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Despite massive obstacles, Mideast leaders commit to Israeli pullback

TULKAREM, West Bank—Israel treated Col. Maher Dweikat as a terrorist threat for the last four years. Today, Israel is counting on the 42-year-old Palestinian to protect its citizens.

Dweikat heads Tulkarem's Preventive Security Service. He, and his counterparts in the West Bank towns of Jericho, Ramallah, Qalqiliya and Bethlehem, soon will take over security as Israeli troops pull back in those towns. They're expected to do just what the Israeli soldiers tried to do: Stop Palestinian militants from attacking Israelis—in both Israel and the predominantly Palestinian West Bank.

Israeli and Palestinian politicians are negotiating the hand-over, in what could be an initial step in restoring peace.

It won't be easy, despite obvious commitment on both sides to make it work. Mistrust is high after more than four years of conflict that's claimed about 5,000 lives, mostly Palestinian.

The West Bank Palestinian security forces aren't fully prepared. After repeated attacks from Israeli troops, they're short of communications equipment, vehicles and training as well as workspace and jails.

Israel has doubts about whether Palestinian officers are committed to the new security arrangements. There's little doubt that Palestinian forces have been infiltrated by militants and are rife with corruption. Until the death of Palestinian leader Yasser Arafat in November, they'd answered only to him.

At the same time, Israeli leaders understand that they may have to take some risks. Only Palestinian leader Mahmoud Abbas has the ability to bring reform. Reform under Israeli pressure would lead security forces to be branded "collaborators" with Israel, said retired Israeli Maj. Gen. Shlomo Gazit, a strategic analyst and former head of military intelligence.

As for Palestinians, few if any security officers believe Israel is committed to reducing its military stranglehold on the West Bank. Some security officers fought in the past four years alongside militants as Palestinian "resistance fighters," and they're hesitant about the prospect of arresting or killing those men if they don't fall in line with the emerging Israeli-Palestinian detente.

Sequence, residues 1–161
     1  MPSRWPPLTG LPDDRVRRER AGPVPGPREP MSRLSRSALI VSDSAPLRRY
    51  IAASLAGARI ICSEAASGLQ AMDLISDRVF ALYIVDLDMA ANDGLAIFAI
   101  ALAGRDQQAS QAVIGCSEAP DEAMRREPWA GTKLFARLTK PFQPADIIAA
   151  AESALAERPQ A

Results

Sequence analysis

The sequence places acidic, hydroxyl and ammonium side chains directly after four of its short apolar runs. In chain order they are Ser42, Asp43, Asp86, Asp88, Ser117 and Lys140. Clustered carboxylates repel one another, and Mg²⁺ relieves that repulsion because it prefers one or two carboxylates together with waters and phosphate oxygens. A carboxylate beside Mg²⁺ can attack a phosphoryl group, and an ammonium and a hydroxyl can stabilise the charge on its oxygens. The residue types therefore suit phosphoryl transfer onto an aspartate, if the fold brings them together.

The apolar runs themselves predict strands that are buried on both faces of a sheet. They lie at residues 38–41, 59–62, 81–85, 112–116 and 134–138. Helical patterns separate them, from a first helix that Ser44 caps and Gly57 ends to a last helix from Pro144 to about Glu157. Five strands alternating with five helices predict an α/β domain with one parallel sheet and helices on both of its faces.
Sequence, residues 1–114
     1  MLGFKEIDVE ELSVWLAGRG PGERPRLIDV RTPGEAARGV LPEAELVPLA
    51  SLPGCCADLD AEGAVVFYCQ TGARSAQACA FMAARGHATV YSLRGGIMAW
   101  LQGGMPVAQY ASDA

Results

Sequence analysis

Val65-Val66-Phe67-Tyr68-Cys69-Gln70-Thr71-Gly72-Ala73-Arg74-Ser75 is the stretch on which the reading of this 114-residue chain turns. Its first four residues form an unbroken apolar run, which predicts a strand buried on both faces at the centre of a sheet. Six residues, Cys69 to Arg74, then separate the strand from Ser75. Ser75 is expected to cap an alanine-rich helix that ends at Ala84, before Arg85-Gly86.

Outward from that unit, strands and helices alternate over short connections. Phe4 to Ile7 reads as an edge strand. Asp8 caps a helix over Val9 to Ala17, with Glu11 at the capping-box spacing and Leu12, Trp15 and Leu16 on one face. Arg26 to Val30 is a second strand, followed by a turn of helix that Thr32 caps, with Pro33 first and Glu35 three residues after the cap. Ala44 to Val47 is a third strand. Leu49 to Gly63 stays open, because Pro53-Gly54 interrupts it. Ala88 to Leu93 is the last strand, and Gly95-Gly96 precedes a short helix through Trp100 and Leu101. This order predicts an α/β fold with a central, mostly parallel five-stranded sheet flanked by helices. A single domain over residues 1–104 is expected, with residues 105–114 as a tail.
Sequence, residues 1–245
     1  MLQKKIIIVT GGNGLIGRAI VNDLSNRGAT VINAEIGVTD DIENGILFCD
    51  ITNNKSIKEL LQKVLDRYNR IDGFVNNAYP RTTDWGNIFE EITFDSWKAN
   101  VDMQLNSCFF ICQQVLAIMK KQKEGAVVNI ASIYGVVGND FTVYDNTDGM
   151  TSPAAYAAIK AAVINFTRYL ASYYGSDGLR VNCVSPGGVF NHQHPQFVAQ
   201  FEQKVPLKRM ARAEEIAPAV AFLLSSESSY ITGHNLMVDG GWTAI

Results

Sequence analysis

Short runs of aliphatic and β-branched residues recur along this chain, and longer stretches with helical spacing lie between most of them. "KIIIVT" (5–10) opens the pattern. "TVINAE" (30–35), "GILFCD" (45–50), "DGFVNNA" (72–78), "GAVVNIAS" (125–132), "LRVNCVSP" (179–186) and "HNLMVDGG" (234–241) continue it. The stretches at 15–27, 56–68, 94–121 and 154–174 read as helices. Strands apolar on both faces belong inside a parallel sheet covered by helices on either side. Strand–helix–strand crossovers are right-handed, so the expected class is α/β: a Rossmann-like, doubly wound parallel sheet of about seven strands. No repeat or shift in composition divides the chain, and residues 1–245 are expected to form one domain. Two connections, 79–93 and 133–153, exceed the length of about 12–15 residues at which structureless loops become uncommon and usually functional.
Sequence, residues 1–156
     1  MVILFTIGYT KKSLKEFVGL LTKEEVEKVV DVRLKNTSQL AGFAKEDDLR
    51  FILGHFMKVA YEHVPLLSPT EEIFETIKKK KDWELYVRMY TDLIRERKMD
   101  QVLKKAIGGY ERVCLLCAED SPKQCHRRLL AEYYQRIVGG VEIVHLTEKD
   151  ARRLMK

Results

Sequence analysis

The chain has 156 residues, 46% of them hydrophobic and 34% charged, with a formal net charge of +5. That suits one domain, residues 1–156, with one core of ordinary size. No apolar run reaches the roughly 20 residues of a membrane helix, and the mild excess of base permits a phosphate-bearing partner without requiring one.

Brig. Gen. Ziad Hab al Rih, the commander of the West Bank Preventive Security Services, said that hesitancy was easy to understand, since Palestinians elected Abbas in January to promote dialogue and unity among Palestinians and not to bow to Israeli demands to disarm and disband armed Palestinian factions.

"Civil war or internal fighting is a red line we will not cross," Hab al Rih added. "But (for militants) to violate Palestinian law is also a red line, and we'll deal with it."

Despite the mistrust, the obstacles and the uncertainty, Israelis and Palestinians know they must take this step and more if this shaky truce is to lead to the next step, negotiations for a lasting peace.

"The distrust is very high, yet you only make peace with your enemy," said Maj. Sharon Feingold, a senior Israeli military spokeswoman.

Hab al Rih echoed the idea. "Peace is between enemies, not friends," he said.

The two sides have been negotiating for weeks over what seems like a baby step in the bigger scheme of things: the hand-over of the first West Bank city, Jericho. They can't agree over how much ground the Israeli military should cede to its Palestinian counterparts.

Palestinian officials argue that Israel must do more than just keep out of Palestinian cities. The move is meaningless, they say, if the cities remain cut off from surrounding Palestinian villages and towns by Israeli checkpoints and patrols. Israeli Defense Minister Shaul Mofaz insists that the checkpoints remain as a safety net for Israeli citizens in West Bank settlements and in Israel.